That’s an impressive list, and it can seem overwhelming. That is especially true when we stumble upon disappointments along the way, so that things haven’t turned out as we might have hoped and dreamed. We are badly broken people in a badly broken world, and viewed from that perspective the Scripture text you chose can seem not just difficult but impossible. We’d like to be the sort of people St Paul describes, but we aren’t. And we know in the bottom of our hearts that this is true no matter how hard we try.

So, what then?

The answer is actually quite simple. The answer is to go back to the beginning of the text, to presenting ourselves to God. When we present ourselves to God as we are, body and soul in all our brokenness, he meets us with grace and forgiveness so that we can be grateful and go on to love and be humble and hospitable and forgiving because he has been so gracious to us.

We each need to present ourselves to God, day by day. You will find that every time you do, Sawyer and Lauren, he will meet you with grace and forgiveness and warmth and love so that you can love him and each other in return.

It’s the way grace works, the wonder of what it means that 1 + 1 = 1. Just as only God could work the math to make that true, so only his grace can support you day by day so that love is possible when things get hard, as they always do in a broken world.

The German pastor Dietrich Bonhoeffer wrote a wedding sermon while he was in prison awaiting his execution by the Nazis. He wrote this several decades ago, but his words are so deeply rooted in the revelation of God that they transcend geography and time. He wasn’t able to speak these words to the young couple in person, but I can speak them here, to you, today. And I want to do that, so please listen. Here are Bonhoeffer’s words:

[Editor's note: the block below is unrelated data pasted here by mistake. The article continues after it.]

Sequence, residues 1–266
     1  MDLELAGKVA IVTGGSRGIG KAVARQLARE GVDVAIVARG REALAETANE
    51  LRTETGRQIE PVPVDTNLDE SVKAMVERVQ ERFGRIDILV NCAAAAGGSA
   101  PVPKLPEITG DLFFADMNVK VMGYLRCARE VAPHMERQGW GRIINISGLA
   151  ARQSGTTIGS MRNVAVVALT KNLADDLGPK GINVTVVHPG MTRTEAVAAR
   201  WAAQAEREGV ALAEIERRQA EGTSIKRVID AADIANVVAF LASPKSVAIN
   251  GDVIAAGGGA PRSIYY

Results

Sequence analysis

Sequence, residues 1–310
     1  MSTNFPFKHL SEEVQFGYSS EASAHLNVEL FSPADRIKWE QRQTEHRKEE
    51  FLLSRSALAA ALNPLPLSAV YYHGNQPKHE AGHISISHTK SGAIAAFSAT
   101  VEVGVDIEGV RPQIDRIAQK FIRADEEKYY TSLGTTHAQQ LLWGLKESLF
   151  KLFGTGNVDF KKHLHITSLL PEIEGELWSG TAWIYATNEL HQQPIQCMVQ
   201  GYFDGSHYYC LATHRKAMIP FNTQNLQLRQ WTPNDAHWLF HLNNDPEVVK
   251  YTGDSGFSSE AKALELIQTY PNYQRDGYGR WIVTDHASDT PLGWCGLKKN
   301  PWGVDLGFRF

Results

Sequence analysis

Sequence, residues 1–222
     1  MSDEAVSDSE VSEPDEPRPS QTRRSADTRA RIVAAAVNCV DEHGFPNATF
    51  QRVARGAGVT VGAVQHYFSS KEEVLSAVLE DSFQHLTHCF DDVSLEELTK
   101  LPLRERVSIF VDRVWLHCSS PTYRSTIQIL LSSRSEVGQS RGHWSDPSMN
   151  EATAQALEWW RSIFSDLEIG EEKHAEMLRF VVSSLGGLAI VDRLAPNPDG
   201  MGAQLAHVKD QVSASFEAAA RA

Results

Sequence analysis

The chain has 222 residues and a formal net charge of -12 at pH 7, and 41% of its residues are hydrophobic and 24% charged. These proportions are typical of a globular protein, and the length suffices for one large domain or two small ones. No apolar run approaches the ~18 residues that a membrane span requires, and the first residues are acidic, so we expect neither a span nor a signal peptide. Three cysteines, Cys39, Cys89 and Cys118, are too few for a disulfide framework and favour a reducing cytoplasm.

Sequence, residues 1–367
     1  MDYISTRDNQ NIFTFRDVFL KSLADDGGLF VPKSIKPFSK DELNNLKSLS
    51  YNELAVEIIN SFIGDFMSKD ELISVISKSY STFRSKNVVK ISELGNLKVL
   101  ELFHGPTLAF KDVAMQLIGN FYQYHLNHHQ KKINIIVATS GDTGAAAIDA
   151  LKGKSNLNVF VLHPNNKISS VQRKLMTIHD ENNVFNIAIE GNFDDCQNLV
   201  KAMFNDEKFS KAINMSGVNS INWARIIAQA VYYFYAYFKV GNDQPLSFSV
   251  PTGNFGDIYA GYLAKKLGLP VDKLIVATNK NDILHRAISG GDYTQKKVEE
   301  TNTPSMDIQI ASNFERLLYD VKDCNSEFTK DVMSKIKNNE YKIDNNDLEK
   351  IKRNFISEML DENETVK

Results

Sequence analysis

Marriage is more than your love for one another. It has a higher dignity and power, because it is God’s holy ordinance... It is not your love that sustains your marriage, but from now on, the marriage sustains your love.

Sawyer and Lauren, we are here as your friends and family this weekend, not merely to witness your “I do.” That’s part of it, but we intend far more than that. We want to not just witness your “I do” but to affirm it and celebrate it. We want to affirm you, your relationship, your love, your commitment, and your marriage. And because we are also the people of God, part of his family, if you listen closely to our affirmation, you will hear something else, something much deeper that comes from beyond the edges of time and space. It is God’s affirmation, his affirmation of you, your relationship, your love, your commitment, and your marriage. And his unabashed delight in all that is transpiring this weekend.

It is the reality of that delight that can sustain you in the days and months and years ahead. God delights in what is happening here, heaven and earth are meeting, math is being redefined to a deeper reality, and all of it because of one simple act: you have presented yourselves and will keep on, day by day, in good times and bad, in easy times and hard, presenting yourselves, your bodies, your all, to God. It’s not your cleverness that makes the difference, but God’s delight.

Depend on that, and you will find that it is enough.

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Thank you Denis.

October 25, 2010 at 4:50 PM
Steve Garber  

A very good word, Denis, for all of us. Thank you for the reminder of the truest truths.

October 25, 2010 at 8:28 PM

Wonderful homily!

November 3, 2010 at 3:08 PM